INSIDERS’ TRADES. Edgardo Maclang Cruz Jr. of JY Campos Center, Bonifacio Global City is a member of the board of Del Monte Pacific Ltd. As of December 31, 2013, he owned 1.963 million Del Monte shares. He used to hold 490,000 but bought 1.473 million shares in 11 transactions starting on December 16 until December 23.
At highest acquisition price of P22.80 he must have spent P33.582 million in buying his additional holdings in the company. At the same price, his total holdings are worth P44.754 million.
Black River Capital Partners Food Holdings (Singapore) Pte. Ltd. increased to 165.642 million common shares, or 30.92 percent, from 15.058 million common shares its holdings in AgriNurture Inc. The additional 150.58 million common shares resulted from the conversion of the Singaporean company’s P335-million loan to AgriNurture. The conversion translates to P2.22 a share.
On December 20, 2013, Lopez Inc. paid P1.5 billion for its additional subscription in June last year to 34.7 million common shares in ABS-CBN Corp. The acquisition increased the number of ABS-CBN outstanding common shares to 857.36 million. ABS-CBN also had 14.76 million treasury shares.
Pays and perks. In regulatory filing dated March 2, 2013, ABS-CBN estimated at P1.147 billion the 2013 compensation of its key management executives, led by Ma. Rosario Santos-Concio, chief executive officer (CEO).
But ABS-CBN could be paying the group more this year because from January to September of 2013, the Lopez-controlled broadcasting group reported having paid Concio and company P1.144 billion, or 0.26 percent close to the company’s annual estimate. Computed, the nine-month pays and perks last year of ABS-CBN management soared 55.68 percent, or P409.22 million more, from P734.98 million in the same period in 2012.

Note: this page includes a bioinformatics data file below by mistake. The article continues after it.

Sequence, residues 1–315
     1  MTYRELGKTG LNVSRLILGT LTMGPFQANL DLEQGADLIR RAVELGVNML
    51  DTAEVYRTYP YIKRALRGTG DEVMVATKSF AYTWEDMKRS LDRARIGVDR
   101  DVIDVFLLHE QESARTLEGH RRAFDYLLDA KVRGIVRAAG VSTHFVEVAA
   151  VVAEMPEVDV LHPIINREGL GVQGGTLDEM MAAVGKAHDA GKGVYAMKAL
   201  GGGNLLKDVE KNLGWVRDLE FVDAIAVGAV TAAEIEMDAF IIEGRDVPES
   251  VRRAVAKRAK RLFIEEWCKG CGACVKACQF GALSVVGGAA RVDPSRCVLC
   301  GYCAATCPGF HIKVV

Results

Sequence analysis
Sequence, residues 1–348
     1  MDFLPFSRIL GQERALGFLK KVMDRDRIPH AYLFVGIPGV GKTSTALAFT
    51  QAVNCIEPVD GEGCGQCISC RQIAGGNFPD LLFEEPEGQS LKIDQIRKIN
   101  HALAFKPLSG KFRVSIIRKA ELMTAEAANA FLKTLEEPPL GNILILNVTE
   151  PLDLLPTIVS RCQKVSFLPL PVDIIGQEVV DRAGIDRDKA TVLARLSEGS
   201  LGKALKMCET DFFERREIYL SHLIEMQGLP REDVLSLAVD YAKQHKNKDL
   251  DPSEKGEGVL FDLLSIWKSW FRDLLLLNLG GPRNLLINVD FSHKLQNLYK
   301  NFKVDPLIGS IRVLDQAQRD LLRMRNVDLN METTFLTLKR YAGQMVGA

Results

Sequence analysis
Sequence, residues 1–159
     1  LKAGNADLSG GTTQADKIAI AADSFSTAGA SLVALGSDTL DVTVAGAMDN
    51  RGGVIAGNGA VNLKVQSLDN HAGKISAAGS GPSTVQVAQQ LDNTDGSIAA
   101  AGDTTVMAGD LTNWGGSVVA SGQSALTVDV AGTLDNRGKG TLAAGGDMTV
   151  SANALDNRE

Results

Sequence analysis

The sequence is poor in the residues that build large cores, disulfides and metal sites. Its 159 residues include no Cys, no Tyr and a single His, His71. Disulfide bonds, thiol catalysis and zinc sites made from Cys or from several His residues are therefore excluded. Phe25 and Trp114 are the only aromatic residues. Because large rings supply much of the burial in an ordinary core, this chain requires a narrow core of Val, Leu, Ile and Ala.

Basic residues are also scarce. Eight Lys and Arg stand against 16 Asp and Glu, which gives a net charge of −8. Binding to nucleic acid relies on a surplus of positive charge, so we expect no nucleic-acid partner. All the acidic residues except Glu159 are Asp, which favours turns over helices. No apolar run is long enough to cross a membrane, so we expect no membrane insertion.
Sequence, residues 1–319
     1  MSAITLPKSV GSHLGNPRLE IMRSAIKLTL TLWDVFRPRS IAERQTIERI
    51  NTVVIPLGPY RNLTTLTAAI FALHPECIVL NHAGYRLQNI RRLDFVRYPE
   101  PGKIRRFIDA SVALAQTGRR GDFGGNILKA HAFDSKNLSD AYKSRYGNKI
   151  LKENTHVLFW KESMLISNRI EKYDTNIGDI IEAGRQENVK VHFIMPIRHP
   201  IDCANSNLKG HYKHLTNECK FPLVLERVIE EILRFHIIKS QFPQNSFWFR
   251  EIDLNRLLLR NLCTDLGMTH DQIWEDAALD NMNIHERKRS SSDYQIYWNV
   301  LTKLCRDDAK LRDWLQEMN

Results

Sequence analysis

The comparative quarterly filings suggested that ABS-CBN’s executives from CEO down to managers, and probably including directors, would have gotten more than the estimated P1.15 billion by December 31, 2013.
Ownership update. Bankard Inc. is formerly Philippine Commercial Credit Card Inc., a subsidiary of Philippine Commercial International Bank. When BDO Unibank Inc. acquired PCIBank, it did not want Bankard, which it sold to the Yuchengco-controlled Rizal Commercial Banking Corp. (RCBC).
On December 10, 2013, the Yuchengcos renamed Bankard Bright Kindle Resources and Investments Inc., a new corporate identity that required amendment to Bankard’s charter.
But then, RYM Business Management Corp., which is a significant stockholder of Benguet Corp., acquired Bankard by buying out the Yuchengcos, who owned the credit card company through RCBC and RCBC Capital Corp. The filing said the buyer ended up owning 1.37 million Bankard shares, or 89.9 percent, from the Yuchengco group, who had not filed for the change of the company’s name to Bright Kindle Resources.
The sale enabled Yuchengcos to get rid of Bankard while grossing P1.095 billion from RYM, which the Romualdezes use as their takeover corporate vehicle.
Paging SEC. Chairman Teresita Herbosa and the four other members of the five-person regulatory body of the Securities and Exchange Commission should review the SEC’s disclosure policy by giving priority to the early filing of the executive compensation of the members of the management team of listed companies.
Instead of waiting for the audited financial reports, SEC officials should require the earlier submission of the annual compensation not later than January 31 of the following a fiscal year. The public investors would be more interested in knowing if these executives are either underpaid or overpaid, or if the price of a particular stock keeps falling because of them or despite them.
Some, if not all, listed companies may protest this suggestion. But should the SEC simply listen and avoid confrontation with the majority stockholders of what are supposed to be public companies but in reality are not? It is about time SEC officials regain or live up to their billing as the market’s regulatory authority.
The public investors no doubt would be interested to know how much listed companies spend a year in maintaining in their payroll the “no-interest” directors, more publicly known as independent directors, who, in most cases hold only a nominal share to qualify them to sit in the board.
Who knows the public investors may be beginning to hate the appointment of independent directors, who get fat fees they not deserve at all.
Why not abolish the nomination of such independent directors?